|Color and Light||1.1||Do Assignment|
|Color and Light||1.2||Do Assignment||1.3 | 1.4|
|Illusion of Space and Atmosphere||1||Do Assignment|
|Personal Art||1.1||Do Assignment|
Ok, this is a design Ive been working on, its still kinda wip, but i need your help
thats it, any links, advice, tips, critque, ANYTHING
nitpick it to death, its due this friday
thnaks for yur help
btw im only 14
I think it would help if you drew your monster how it would look if it were made from primitives, for example boxes, spheres and cylinders, and then try to imagine how it would look when lit so you get your shadows and stuff right. The texture of the skin which I can imagine that you have been working some time on you can always fix the last thing you do. I believe it's more important getting the big shapes and lighting right. I hope I helped some
OK, I know that using the computer is incredibly enticing, but I think you'd get far more out of your time if you were to spend more of it working with pencil and paper. Check out Loomis for some fantastic advice on learning to draw, and check out Prom's tutorial on how to handle a number of things.
And gl0gg's right: get to know how light affects basic shapes, then use modified versions of those shapes to build your figures. Right now, your image is very flat, despite some shading (and what appears to be dodge and burn, the bane of computer generated art).
Dude, you didn't even wait an hour. Just give people time.. we're not always all over every single thread as soon as it's posted.
gl0gg and dogfood are both right. It's good that you're painting over a midtone here (don't do it on white until you get really good... white backgrounds can really easily kill almost everything except line drawings). You're obviously inexperienced, and that's certainly ok, but in addition to staying away from the computer until you really learn to draw, I'd suggest staying away from full colour as well. Value (darkness/lightness) is something that's good to pin down first, because without knowledge of how to use it, colour is mysterious and extremely difficult to manage.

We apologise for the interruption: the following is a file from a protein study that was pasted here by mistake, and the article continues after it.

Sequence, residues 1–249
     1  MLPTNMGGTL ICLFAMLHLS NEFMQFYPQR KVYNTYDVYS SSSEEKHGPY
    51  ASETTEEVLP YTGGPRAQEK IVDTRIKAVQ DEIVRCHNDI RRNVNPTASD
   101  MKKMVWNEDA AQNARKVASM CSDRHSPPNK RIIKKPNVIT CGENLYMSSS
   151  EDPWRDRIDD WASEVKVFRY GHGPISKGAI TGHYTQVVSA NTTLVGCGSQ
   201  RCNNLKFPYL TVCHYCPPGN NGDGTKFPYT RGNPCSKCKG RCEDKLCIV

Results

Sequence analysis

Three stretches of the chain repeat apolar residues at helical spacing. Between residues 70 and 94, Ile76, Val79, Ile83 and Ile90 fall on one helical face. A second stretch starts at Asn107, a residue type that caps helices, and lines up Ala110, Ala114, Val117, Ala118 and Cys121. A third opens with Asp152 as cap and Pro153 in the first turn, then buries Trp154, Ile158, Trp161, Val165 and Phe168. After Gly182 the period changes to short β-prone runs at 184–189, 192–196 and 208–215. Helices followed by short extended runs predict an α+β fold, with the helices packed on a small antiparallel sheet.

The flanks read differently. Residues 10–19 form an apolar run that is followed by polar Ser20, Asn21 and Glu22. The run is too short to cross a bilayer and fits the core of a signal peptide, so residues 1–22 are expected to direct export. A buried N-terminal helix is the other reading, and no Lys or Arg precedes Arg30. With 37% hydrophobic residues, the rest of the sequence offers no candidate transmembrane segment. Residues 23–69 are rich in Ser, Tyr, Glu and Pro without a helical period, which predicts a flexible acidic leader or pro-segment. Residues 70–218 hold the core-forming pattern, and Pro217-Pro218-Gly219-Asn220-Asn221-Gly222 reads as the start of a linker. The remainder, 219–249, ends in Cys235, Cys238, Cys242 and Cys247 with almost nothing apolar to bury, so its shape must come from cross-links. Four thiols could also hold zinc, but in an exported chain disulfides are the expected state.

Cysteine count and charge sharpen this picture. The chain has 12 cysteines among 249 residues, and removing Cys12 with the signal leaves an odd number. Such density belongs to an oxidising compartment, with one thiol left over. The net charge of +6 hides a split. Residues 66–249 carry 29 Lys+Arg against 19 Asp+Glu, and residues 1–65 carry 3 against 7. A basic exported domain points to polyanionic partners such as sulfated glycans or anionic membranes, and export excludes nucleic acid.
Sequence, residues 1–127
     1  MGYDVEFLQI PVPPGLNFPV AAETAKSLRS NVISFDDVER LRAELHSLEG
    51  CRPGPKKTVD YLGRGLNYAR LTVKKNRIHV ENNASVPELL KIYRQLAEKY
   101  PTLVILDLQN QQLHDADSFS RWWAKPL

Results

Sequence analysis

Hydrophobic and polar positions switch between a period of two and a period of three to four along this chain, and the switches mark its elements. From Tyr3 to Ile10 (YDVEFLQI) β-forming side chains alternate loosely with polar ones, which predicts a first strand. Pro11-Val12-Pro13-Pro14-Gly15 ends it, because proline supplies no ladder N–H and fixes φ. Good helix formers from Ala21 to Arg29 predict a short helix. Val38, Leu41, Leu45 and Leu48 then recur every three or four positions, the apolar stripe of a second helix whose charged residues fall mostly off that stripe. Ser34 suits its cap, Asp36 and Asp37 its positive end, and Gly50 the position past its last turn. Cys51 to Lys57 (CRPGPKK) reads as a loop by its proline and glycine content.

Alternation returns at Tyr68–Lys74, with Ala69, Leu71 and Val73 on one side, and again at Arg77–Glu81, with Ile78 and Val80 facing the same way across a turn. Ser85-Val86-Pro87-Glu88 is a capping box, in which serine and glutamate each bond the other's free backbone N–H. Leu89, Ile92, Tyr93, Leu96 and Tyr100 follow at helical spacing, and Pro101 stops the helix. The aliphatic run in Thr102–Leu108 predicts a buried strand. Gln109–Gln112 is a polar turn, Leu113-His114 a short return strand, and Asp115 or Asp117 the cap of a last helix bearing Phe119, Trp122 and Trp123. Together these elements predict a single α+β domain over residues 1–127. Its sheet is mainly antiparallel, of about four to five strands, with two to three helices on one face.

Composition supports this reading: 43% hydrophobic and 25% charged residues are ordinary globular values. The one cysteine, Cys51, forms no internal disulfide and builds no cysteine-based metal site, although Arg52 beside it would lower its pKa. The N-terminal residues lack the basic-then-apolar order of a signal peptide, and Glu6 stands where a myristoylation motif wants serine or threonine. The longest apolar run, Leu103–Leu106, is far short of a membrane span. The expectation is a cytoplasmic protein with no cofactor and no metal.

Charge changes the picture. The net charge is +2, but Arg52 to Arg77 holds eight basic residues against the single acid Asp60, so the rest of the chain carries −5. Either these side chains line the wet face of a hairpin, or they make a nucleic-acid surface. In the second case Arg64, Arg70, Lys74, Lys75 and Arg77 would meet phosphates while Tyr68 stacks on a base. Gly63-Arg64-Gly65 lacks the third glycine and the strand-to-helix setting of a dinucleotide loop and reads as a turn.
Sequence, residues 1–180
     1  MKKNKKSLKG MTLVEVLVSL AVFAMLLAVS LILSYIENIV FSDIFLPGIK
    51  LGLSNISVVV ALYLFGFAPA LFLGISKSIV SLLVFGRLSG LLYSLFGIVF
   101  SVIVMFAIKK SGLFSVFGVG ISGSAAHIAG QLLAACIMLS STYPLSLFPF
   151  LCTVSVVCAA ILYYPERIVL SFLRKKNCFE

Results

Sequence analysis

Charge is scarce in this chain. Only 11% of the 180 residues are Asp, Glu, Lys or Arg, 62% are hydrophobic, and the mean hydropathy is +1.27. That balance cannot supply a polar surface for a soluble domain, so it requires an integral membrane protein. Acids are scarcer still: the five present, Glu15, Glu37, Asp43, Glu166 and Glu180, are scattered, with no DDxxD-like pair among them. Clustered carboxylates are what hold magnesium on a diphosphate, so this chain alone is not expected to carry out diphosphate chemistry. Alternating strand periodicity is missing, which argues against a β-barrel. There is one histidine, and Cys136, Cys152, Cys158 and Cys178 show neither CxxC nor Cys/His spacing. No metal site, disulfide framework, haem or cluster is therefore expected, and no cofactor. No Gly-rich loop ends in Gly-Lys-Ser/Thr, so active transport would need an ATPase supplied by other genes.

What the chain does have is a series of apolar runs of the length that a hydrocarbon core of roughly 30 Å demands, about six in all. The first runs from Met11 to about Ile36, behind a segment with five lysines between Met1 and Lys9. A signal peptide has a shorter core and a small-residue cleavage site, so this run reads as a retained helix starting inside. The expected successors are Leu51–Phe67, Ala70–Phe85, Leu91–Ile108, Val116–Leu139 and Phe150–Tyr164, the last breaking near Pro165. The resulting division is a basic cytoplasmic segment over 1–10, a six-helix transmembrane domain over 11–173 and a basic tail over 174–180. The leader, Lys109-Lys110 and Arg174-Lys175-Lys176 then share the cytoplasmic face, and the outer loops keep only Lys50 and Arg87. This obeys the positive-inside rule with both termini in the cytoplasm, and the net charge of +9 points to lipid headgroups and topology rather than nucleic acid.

amen!Originally Posted by TexI'm really confused. What the hell is it?......and what was the assignment?
please do tell us
Keep at it.
Try doing a bunch of drawings of this guy
before jumping to the rendering stage.
Painting is fun but getting
the drawing right is most important.
I was kinda angry becasue it didnt get one post and two dozen new threads came in and they all got helpDude, you didn't even wait an hour. Just give people time.. we're not always all over every single thread as soon as it's posted.
hey dude, it was a day and half an hour( not 26 or so minutes that it would seem like at first, pays to look a tad harder at the dates)
Ok firstly since you asked it was for an english assignment, a radio play, now your probably wondering wtf man( engrish..huh) part of it was to create a cover illustration and i did it.
What it is, well you can figure that out, alien or something, does it have to be ANYTHING?
It was all very experimental. And why do i have to stay away from a computer before i get "really good", surely it's better to learn it early, i'm always drawing, my sketchbook is proof of that.
thanks you grantrl78's for the advice, i probably should of done that, now ive realised that the right arm( his left really) should be moved to the left a bit, but that was after staring at it a lot.
Yes.Originally Posted by blanquish...does it have to be ANYTHING?
It has to be able to project what you want to convey if you want it to be effective. So you have to ask yourself, "What feeling or idea am I trying to evoke?"
Once you get that down, you can take what you know and apply some of the general artistic guidelines to bring about that effect. If you feel yourself lacking in some of that knowledge, try looking at images that give the feelings you want to emulate. Deconstruct them and figure out how they do it.
Right now, I get no feeling from this image. The colors don't necessarily carry any message, being so evenly cool and warm (it's usually more dramatic to push one with just enough of the other to balance it), and the figure's construction and pose don't give us much, either (nor the camera angle).
I'm not implying that you should go copy some image (though doing so can be a useful exercise), but this is where art study is going to help out. Find out how other artists tackled the challenges you're facing.